Germany goes organic
Organic foodstuffs are in great demand. Even discounters are responding to the trend. What do organic farmers do differently? Here’s what.
This is a paradise for city dwellers: Calves slumbering in straw, while the mother cows grind fragrant grass. Flocks of clucking chickens and geese pick their way across the field. Fresh milk, eggs, and crusty bread are on sale in the farm shop. A picture-book organic farm. The “Organic Farming – Looking Forwards” strategy, which the Federal government presented in spring 2017, is aiming for 20 per cent organic farming – the figure currently stands at a mere 7.5 percent. For this reason, farmers are to receive support to switch to organic forms of production.
This is how organic farming works
Hofgut Oberfeld in Darmstadt is one of 27,132 organic farms in Germany. There are several things about it that make it special: It is owned by a civic foundation. The farming couple Thomas and Kathrin Goebel have put animal husbandry models into practice here that go beyond the organic guidelines. In 2016 Hofgut Oberfeld was awarded the Federal Organic Farming Prize.
“Animal husbandry enlivens our agriculture.”
The farmer illustrates the advantages of organic farming by means of the arable and livestock farming cycle: The rotation of grain and green fodder improves the quality of the soil. Neither insecticides nor chemical fertilizers are used. Through their roots, crops such as clover and lucerne absorb nitrogen in the soil, and at the same time provide fodder for the dairy cattle. Their dung in the fields is biological fertilizer and attracts any number of microbes. This cycle ensures the fertility of the soil, and biodiversity, and plays a role in the high quality of the produce.
Is organic farming better for animals, humans, and the environment? There are certainly a lot of positive things about it: It forgoes pesticides and chemical fertilizers, and as such does not pollute the groundwater, it does a lot for species protection and keeps the soil fertile – and it also impacts positively on climate protection. Conventional farming, on the other hand, consumes a lot of fossil energy. Indeed, it takes more than a litre of crude oil to produce a kilogram of nitrogen for artificial fertilizers. “Reliable returns in conventional farming come at a high price,” Goebel points out. “In 50 years, where is the energy for it going to come from?” Organic farming, on the other hand, uses solar energy for natural fertilizing with nitrogen-fixing plants.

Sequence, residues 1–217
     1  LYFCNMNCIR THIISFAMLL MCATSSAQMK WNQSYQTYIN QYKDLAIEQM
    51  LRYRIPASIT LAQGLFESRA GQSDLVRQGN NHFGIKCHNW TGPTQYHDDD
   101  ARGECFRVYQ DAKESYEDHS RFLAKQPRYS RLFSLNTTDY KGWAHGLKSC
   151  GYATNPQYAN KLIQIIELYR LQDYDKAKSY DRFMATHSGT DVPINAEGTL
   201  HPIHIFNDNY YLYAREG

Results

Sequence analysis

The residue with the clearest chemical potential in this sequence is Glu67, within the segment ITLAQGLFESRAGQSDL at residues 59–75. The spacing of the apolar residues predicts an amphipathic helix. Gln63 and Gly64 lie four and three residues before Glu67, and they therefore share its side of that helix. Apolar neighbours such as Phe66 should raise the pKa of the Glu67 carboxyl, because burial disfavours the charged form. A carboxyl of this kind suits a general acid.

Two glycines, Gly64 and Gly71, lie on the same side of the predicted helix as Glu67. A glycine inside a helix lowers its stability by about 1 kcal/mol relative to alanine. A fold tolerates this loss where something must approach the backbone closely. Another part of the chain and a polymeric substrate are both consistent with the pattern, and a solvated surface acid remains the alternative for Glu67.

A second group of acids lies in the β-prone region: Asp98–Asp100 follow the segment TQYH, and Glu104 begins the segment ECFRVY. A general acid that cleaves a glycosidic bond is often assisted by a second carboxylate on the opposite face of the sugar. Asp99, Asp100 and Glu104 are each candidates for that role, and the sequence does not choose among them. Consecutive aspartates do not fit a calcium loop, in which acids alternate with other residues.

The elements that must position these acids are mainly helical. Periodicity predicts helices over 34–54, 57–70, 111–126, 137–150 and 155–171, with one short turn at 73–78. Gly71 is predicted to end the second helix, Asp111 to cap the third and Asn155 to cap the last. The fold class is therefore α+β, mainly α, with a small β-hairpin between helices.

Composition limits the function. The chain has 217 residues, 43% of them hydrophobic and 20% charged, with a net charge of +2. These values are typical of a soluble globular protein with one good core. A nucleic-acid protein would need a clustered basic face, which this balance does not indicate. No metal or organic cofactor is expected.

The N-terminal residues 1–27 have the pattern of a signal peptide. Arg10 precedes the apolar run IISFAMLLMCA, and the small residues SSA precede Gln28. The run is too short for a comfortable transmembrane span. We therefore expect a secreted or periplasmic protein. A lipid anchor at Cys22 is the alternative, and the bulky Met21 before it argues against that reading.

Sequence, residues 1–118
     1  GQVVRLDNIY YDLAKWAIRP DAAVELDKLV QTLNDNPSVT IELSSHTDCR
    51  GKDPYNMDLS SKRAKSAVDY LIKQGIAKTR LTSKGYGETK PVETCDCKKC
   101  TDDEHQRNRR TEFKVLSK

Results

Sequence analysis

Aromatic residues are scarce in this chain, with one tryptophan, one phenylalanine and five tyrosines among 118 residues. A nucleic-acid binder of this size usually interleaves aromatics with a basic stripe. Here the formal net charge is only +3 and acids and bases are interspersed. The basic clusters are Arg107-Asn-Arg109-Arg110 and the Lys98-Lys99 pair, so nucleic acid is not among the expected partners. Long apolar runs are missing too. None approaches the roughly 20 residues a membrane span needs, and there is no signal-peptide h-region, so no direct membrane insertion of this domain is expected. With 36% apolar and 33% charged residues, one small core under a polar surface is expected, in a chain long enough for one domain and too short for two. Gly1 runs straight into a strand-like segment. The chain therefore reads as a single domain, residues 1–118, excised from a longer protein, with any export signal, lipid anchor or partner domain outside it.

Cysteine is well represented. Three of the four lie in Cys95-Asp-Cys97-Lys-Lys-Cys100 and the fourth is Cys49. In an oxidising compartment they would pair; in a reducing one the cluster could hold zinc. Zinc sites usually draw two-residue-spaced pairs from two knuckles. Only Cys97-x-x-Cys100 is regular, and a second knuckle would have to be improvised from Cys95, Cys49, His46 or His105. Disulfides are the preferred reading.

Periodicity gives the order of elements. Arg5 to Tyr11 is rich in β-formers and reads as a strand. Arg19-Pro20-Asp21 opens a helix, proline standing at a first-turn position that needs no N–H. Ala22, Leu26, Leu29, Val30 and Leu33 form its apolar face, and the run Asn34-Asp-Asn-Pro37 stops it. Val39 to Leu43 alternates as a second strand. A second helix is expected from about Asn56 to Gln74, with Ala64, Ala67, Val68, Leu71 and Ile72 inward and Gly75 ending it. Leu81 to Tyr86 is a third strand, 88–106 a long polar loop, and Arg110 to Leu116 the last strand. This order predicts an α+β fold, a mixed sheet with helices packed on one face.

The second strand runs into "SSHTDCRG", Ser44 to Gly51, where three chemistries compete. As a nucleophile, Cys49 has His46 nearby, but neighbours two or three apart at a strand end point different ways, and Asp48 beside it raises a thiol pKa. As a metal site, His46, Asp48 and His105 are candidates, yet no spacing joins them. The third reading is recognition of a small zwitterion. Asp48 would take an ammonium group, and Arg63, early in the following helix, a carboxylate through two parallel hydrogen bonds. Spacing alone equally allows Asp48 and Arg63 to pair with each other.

- 9 percent of agricultural operations in Germany are organic farms.
- 7,5 percent of the total land area used for farming is used for organic farming.
- 20 percent organic farming is the target the Federal government’s Strategy for the Future – Organic Farming has set.
- 9,9 percent more sales of organic foods were recorded by retailers in 2016.
- 41 percent of Germans buy organic food as often as it is possible for them to do so.
- 10 percent of the eggs produced in Germany come from hens on organic farms.
- 5 percent of all livestock in 2016 was bred in line with ecological guidelines.
The well-being of dairy cattle, laying hens, and chickens is clearly the focus of Kathrin Goebel’s attention. Cows keep their horns, calves are not separated from their mothers, and with regard to poultry, male chicks are also reared. However, “more effort put intro animal husbandry means increased costs. That has to be negotiated with customers through the price.”
The sale of organic foodstuffs in Germany is currently growing at an almost double-digit rate. Because demand in the country outdoes supply, products are imported. How can organic farming in Germany be expanded? “The impetus has to be from retail to the suppliers. If demand continues to grow, the big players will also switch to organic production. But just increasing the amount of usable land is not enough,” Goebel warns. “We mustn’t lose sight of the ideal that organic agriculture represents.”